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Tuesday, December 28, 2010

The Wolves of Willoughby Chase by Joan Aiken

I feel I need to apologise to this blog for neglecting it.

It’s not that I don’t love it, I do, but I’ve been rather tied up with the new one for my Style Notes column (see link above).

Then of course there has been Christmas, not a small distraction, but the main reason was that I’ve had the most peculiar run of fails.

I was about three chapters into the marvellous Freedom by Jonathan Frantzen when my Kindle, containing it, was stolen on an Emirates flight.

When I got home I started The Slap by Christos Tsiolkas in old-style physical book form, but when I was a few pages into the second chapter I lost it, somewhere in the house. I don’t know how it happened but I just can’t find it.

Bloody annoying, as those are two very interesting books.

Next I picked up a volume so grippingly interesting I can’t read it at night. The ideas are so stimulating it keeps me awake. And during this crazy time of year, I just haven’t had any reading time in the day.

It was in the small hours of one of the sleepless nights caused by Book X (I don’t want to reveal what it is until I’ve finished it…) when I had moved to my daughter’s bedroom and put her in with dad, so I could toss and turn without keeping them awake, that I picked up The Wolves of Willoughby Chase.

The idea was that reading one my daughter’s books would quickly put me to sleep. Well, I picked the wrong one. I found this tale of plucky little girls pitted against nasty grown ups, in a fictional period of English history (the reign of ‘James III’ when wild wolves roamed Yorkshire), as gripping and exciting as I had when I first read it, aged nine.

The wonderfully vivid atmosphere – be it delicious cosiness, or nail-biting tension – and intensely evocative descriptions of place, gave me exactly the same pleasure as they had on my first reading.

Now I’m going to re-read the sequel.

Reading satisfaction: 7
Un-put-downable-ness: 8
Recommend to best girlfriend: 8
Recommend to mother: 10
Recommend to niece: 9
Recommend to gay best friend: 1
Recommend to man pal: 5
Recommend to Helen Razer: 0
Read on public transport: 3
Unpleasantness: 0


  1. I loved The Slap. Perhaps because I am a Melbourne girl and live in the same suburbs. but I found it the best Aussie novel ever written, it was funny, entertaining, biting.. Bit like when I first read Patrick White. Whereas I find Peter Careys books just plain pretentious.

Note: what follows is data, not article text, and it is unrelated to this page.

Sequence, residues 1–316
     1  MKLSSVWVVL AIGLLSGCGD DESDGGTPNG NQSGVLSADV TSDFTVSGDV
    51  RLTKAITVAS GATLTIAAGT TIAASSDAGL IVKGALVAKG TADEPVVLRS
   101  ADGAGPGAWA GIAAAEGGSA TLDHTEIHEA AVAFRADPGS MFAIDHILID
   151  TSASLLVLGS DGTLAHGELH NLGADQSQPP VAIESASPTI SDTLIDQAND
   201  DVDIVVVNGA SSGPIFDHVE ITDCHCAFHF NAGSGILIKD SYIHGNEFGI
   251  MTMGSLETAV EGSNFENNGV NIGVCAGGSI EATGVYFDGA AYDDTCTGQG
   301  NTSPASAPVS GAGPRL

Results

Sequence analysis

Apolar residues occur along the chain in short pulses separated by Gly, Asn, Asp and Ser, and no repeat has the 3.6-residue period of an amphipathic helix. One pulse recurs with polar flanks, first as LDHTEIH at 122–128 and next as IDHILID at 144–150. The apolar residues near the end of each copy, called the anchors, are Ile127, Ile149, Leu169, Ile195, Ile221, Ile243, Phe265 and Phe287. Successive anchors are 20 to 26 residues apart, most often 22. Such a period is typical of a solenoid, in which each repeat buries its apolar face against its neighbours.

2. I passionately hated The Slap. Never read a book that has such thoroughly unpleasant characters & the heterosexual relationships are utterly unbelievable. Couldn't be bothered finishing it, wish I'd lost my copy!

  3. I was so pleased to see your post about the wolves of willoughby chase and its sequels: i received it and Black Hearts in Battersea in about 1965 as a present and must have reread them nearly every year up to the age of ...25(?)
    Everything about these books was so satisfying; the interconnectedness of the characters, the social mix in which we had good and evil at all levels, the humour and richness of the fictitious historical period..I assume you will go further Maggie and reread night birds on nantucket and the cuckoo tree and there's the stolen lake too... sad to say my children have not read them

  4. I love reading kids books when the book is well-written, and I've read "Wolves" a number of times over the years, all of her other books are very readable as well. If I've had a bad day at work I will come home and read a bit of "Anne of Green Gables" as a comfort (I can understand why that might make some other people queasy though...)

  5. Oh I too hated The Slap! It seems to be a very polarising book.
    I'm about to start Freedom so will be interested to read your thoughts.

    Maggie - I received Shall We Dance for Christmas. I finished it late Boxing Day - such a lovely read!

  6. I'm on the "hating The Slap" bandwagon. I thought it was very poorly written, the authors voice came through some of the characters too strongly. The words and ideas gauche and unwieldy and each character more unlikeable than the one before. All wrapped up in an unbelievable manner. As someone else said, I wish I'd lost my copy.

  7. I loved the slap> its characters are so goo. I like the story of this book.

  8. I loved the Wolves of Willoughby Chase and Black Hearts of Battersea and Night Birds on Nantucket as much for the terrific scribbly illustrations as for the rollicking tales of such plucky youg'uns. The Slap was kinda nasty but unputdownable and left me feeling all the ghastly damage was inflicted by the women that the men were simply hapless rather than evil. Very depressing actually.

  9. I discovered the delights of Joan Aiken's writing when I moved from Tasmania for a year in London at the age of nine. The Wolves were wonderful inspiration for appreciating the place and the young heroine, Dido Twite, is a grrrrl through and through and then some. Aiken's short stories for children are also fabulous: whimsical, poignant, delightful and slyly humorous, full of civil servants and unicorns, pushy matrons and kindly wizards, boys and girls...all ripping yarns. I'm a fan!